Molecular modeling and quantum mechanical semi-empirical calculations were carried out using Spartan 14 program, so as to gain a better insight on the proposed molecular structures of the prepared compounds, since their single crystals could not be isolated. The correct stereochemistry was assured through the exploitation and modification of the molecular coordinates to attain reasonable low energy molecular geometries. The minimum steric energy which was determined severally resulted to global minimum energies of −388.57 and −235.21 kJ/mol for C17H15NO4 (1) and C16H14N2O3 (2) respectively.

The optimized geometries of the 1 and 2 are presented in Figure 9 and Figure 10 with chemical function descriptors highlighting the relevant pharmacophores. These are zero values descriptors based on quantum calculations or derived from molecular fields interactions. These descriptors which are important for properties such as lipophilicity, hydrogen bonding, solubility and molecular size of compounds are very relevant in the understanding of structure-reactivity

Figure 9. Optimized structure of 1 highlighting the chemical function descriptors.

Figure 10. Optimized structure of 2 highlighting the chemical function descriptors.

relationships. The ligand-protein interactions of compounds can be inferred from these descriptors which have also been widely used to deploy accurate models for the predictions of toxicological and physicochemical properties of organic compounds [27].

For the optimized structure of C17H15NO4 (1) the C-N bond lengths are within the range of 1.28 - 1.457 Ǻ and the C-O bond lengths is 1.210 Ǻ while for the structure of C16H14N2O3 (2) the C-N bond lengths falls within the range 1.296 - 1.461 Ǻ which are all in line with previously reported results of similar compounds [28].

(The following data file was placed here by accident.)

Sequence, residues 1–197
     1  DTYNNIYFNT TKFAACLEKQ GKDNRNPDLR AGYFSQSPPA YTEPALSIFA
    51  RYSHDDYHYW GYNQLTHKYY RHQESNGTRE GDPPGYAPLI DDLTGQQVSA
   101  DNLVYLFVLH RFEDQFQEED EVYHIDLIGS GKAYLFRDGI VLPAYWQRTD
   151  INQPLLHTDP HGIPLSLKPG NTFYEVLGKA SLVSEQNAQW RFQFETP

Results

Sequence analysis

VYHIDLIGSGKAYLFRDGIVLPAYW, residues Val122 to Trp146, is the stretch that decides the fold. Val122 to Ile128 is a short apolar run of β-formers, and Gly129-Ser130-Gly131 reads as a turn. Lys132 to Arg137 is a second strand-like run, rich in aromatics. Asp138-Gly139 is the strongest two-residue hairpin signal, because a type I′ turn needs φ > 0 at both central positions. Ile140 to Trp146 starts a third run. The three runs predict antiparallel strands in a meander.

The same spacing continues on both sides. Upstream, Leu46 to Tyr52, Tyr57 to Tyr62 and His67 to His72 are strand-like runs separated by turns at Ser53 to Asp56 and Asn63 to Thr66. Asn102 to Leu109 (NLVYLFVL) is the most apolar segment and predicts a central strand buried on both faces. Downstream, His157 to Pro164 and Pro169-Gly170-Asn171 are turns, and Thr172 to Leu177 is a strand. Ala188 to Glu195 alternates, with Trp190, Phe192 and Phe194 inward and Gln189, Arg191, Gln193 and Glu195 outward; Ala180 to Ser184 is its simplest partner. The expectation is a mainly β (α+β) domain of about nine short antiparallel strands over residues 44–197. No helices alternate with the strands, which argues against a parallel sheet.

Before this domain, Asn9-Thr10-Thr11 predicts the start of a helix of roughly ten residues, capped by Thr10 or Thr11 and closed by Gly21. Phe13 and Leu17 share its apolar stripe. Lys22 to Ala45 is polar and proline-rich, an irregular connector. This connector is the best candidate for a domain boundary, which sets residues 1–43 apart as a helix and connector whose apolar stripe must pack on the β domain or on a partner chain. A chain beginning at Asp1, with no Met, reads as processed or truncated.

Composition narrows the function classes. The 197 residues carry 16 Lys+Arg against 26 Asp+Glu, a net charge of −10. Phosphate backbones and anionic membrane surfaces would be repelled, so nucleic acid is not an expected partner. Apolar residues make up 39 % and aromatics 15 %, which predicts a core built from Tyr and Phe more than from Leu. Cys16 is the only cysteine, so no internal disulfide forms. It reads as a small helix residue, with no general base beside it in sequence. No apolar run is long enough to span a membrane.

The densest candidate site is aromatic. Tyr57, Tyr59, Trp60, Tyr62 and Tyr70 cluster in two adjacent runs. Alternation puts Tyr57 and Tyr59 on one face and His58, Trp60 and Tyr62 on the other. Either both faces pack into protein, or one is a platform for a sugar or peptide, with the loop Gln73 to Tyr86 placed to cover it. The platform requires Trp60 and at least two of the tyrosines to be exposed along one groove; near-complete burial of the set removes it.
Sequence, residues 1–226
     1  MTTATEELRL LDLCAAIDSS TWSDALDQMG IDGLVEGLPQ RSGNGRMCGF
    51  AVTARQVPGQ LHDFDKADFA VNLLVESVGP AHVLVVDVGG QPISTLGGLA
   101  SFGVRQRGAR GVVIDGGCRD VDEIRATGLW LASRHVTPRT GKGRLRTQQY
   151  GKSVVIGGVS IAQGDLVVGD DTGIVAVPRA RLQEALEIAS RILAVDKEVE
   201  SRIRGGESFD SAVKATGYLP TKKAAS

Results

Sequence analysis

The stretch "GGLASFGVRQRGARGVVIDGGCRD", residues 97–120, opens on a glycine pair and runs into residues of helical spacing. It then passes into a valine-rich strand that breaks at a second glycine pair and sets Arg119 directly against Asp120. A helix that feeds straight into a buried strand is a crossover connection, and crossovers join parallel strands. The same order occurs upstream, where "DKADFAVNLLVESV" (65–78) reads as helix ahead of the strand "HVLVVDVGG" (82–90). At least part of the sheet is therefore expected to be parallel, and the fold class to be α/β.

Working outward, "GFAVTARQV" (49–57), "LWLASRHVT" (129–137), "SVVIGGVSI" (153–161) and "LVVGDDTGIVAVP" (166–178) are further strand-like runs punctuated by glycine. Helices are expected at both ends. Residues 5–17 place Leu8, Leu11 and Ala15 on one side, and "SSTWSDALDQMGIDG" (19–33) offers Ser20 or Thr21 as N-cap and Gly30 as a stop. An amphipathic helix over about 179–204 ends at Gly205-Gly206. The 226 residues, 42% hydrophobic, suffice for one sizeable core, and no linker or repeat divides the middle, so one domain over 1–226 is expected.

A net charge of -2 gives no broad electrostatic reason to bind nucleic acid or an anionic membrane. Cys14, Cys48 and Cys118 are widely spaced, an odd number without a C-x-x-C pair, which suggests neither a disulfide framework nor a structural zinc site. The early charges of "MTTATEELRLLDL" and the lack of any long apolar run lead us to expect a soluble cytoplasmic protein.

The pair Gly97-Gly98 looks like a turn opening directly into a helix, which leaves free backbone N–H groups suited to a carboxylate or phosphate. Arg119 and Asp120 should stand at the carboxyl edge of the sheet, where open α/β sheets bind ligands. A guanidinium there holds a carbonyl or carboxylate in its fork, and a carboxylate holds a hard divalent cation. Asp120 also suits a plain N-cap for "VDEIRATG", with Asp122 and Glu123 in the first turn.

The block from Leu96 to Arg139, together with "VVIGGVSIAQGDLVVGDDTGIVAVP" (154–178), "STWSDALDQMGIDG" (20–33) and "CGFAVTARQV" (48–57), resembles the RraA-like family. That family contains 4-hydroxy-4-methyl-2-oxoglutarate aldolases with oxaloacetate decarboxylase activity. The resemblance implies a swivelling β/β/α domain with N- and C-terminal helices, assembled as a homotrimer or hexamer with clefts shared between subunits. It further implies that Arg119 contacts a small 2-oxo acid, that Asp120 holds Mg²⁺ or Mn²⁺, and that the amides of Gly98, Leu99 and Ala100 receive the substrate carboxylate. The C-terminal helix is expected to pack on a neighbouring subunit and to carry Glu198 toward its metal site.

3.6. Antibacterial Activity

Four different bacterial strains used for the biological studies were twoGram positive bacteria, Staphylococcus aureus; Bacillus subtilis and twoGram negative bacteria; Klebsiella pneumonia, Escherichia coli. The efficiency of bacteria inhibition, determined by the broth dilution method, with the synthesized Schiff bases indicated that on an average, E. coli was the most inhibited with MIC values of 3.12 and 6.25 µg/mL, followed by K. pneumonia with MIC values of 6.25 µg/mL for both 1 and 2 as compared with the references standards with MIC values of 3.12 µg/mL. The MIC value of 3.12 µg/mL of 1 against E. coli indicates that it could be a better lead compound for further studies. Overall the Schiff base ligand C17H15NO4 (1) exhibited greater activity compared to C16H14N2O3 (2) against all the bacterial strain used as presented in Table 1.

Table 1. In vitro antibacterial activity (MIC expressed in µg/ml).

4. Conclusion

We have synthesized two dopamine derived Schiff base compounds using 4-hydroxycoumarin and isatin. The prepared compounds were characterized using solubility in different solvents, melting point determination, elemental analysis, FT-IR, 1H- and 13C NMR, and powder XRD spectroscopic techniques. The Schiff base 1 was found to inhibit E. coli and K. pneumonia with MIC values of 3.12 and 6.25 µg/mL, followed by K. pneumonia,compared to the reference standards with MIC values of 3.12 µg/mL, indicating that 1 could be a potential lead compound.


M.-L. L.W. and E. N. N. thank Professor You Song of the State Key Laboratory of Coordination Chemistry, Nanjing University in China for the spectral analyses.

Conflicts of Interest

The authors declare no conflicts of interest regarding the publication of this paper.